Jennifer Bodner, CEO of Babbit Bodner, discusses how to manage the unpredictability of PR by planning ahead and knowing when to pivot. Jennifer emphasizes the importance of gathering insights during the research process. She talks about the value of being a scrappy and strategic communicator. Jennifer also shares what Taylor Swift, Beyoncé, and the Barbie movie have in common.
DOUG: So, Jen is the perfect guest. And that’s even though she sometimes says that comms is not perfect. So, what do you mean by that?
JEN: You know, I think the world of communications, particularly earned media. It’s messy, right? It’s an art and a science. We don’t know how our end user at the end of the day, our end listener, end audience is going to take a message that we prepare. We don’t know if an interviewer is going to speak to a reporter in an in-depth interview, and that the message that we crafted for them is going to come across the right way. So, I think, you know, it’s never perfect. It has to be understood that it’s about being in real time that we may have to pivot. You know, I talked to the team a lot about in our world, it’s about having a plan B, C and E, because the world of news changes, the world of consumer audience changes. Again, we’re living in a 24/7 news cycle. So, I think that’s what I mean by communications is never going to be perfect. And I think we can put the tools in place and the contingency plans in place to be ready for the imperfect.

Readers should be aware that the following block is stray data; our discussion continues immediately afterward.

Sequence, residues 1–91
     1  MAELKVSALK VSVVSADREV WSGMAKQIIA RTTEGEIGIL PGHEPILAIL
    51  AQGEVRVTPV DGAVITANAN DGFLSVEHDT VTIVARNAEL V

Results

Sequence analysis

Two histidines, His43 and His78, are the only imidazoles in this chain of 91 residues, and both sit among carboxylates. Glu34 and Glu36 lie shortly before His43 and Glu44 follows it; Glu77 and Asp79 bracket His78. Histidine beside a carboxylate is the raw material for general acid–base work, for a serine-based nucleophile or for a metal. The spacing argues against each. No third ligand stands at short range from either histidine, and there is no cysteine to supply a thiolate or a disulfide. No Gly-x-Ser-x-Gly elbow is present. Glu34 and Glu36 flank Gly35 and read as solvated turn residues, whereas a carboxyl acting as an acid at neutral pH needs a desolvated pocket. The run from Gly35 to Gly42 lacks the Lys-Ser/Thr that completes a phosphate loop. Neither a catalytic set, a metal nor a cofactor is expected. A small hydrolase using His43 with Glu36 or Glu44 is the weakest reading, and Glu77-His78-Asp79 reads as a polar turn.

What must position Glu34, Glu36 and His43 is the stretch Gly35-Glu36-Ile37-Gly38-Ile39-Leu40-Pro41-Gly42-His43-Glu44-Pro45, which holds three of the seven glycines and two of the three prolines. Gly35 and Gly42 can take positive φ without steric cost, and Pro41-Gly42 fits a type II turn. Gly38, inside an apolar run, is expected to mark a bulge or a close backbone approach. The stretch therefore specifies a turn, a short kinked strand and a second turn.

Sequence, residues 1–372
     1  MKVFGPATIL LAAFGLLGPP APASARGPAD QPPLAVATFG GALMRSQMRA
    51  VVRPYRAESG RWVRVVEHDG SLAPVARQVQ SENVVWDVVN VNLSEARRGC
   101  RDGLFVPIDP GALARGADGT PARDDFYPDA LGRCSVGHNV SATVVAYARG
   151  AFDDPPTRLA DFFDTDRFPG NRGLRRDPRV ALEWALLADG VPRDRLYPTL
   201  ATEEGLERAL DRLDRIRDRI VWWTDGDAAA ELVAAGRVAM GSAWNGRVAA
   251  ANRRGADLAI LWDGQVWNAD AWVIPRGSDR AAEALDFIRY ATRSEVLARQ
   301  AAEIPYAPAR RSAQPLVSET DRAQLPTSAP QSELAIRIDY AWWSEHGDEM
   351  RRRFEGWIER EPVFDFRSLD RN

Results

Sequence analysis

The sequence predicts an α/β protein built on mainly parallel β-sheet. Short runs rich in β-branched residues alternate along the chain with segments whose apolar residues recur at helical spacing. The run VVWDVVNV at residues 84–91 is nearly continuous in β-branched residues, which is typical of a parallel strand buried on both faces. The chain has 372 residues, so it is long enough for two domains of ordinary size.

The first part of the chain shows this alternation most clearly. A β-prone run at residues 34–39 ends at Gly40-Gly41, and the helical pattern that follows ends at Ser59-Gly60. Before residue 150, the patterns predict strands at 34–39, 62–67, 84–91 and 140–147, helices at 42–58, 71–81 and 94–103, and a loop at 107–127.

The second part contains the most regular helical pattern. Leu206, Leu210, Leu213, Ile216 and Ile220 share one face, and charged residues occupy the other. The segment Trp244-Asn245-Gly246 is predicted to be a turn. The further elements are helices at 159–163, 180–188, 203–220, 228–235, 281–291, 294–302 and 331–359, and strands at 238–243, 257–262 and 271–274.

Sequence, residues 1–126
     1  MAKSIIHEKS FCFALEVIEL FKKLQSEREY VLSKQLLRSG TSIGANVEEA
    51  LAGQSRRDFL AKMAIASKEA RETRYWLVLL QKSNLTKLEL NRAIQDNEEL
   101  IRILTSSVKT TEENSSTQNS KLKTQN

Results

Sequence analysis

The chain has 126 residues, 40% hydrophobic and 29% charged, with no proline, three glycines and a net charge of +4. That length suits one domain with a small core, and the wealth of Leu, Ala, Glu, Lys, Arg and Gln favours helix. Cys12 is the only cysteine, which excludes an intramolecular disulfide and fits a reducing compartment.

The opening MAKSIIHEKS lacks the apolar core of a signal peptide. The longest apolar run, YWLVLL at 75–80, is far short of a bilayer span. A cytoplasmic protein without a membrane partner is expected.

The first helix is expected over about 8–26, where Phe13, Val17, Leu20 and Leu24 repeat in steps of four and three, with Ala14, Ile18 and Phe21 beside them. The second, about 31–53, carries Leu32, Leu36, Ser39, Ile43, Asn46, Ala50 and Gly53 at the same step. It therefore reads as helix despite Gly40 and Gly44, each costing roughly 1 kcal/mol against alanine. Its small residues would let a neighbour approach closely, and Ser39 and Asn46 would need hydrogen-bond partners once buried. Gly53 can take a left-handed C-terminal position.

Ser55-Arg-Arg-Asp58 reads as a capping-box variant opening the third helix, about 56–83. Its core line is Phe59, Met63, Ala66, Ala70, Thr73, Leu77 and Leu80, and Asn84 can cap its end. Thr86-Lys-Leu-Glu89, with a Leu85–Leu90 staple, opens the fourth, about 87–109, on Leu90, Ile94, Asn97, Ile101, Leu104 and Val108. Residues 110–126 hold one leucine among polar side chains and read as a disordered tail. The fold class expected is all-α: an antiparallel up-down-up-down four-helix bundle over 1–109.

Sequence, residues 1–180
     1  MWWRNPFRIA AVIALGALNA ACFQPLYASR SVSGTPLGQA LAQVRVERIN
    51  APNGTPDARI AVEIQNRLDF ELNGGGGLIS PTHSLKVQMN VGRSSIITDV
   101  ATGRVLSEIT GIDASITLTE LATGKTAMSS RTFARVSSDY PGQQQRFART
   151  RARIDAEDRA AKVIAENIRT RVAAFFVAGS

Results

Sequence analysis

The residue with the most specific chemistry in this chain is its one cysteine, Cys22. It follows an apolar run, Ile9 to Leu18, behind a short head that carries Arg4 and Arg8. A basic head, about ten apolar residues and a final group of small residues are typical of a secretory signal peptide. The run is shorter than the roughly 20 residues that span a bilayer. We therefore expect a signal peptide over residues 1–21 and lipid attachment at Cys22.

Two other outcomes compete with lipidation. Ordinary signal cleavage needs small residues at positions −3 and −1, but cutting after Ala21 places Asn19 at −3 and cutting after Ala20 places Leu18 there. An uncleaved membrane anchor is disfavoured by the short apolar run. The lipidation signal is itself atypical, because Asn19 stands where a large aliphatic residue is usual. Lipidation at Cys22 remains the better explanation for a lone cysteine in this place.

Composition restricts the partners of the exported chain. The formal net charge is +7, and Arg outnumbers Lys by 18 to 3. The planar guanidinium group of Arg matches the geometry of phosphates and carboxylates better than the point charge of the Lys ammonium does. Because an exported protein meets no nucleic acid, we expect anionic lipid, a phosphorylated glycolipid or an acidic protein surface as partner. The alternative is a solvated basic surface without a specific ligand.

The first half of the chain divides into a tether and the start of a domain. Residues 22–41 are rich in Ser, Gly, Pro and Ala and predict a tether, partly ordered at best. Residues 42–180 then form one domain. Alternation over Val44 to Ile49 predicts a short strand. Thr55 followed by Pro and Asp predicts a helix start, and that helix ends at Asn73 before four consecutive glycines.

DOUG: From that response, I would take it that earned media is pretty important at Babbit Bodner.
JEN: Earned media is at the core of everything that we do. I have grown up in the world of earned media and we have expanded our capabilities and the services that we offer to our clients. We do organic social media, we do a lot of influencer relations, but we approached all of these marketing levers the same way we do earned media, right? It’s about having a great story to tell. It’s about understanding who the target audience is, and then it’s about crafting that in a way that your viewer, that your consumer, that your customer wants to get it. So, think the basics of what earned media is about, you know, connecting brands to the people that are interested, pulling in what’s happening in the world around us. That’s really a skill that you can use in so many different communications vehicles.
DOUG: And that’s so interesting that you say that because sometimes, you know, internal communications teams or agency teams want to define themselves as scrappy and others maybe are more strategic and I button my shirt and put a tie on if I’m in the latter group. But you don’t feel that those are in opposition, how can being scrappy and strategic work together.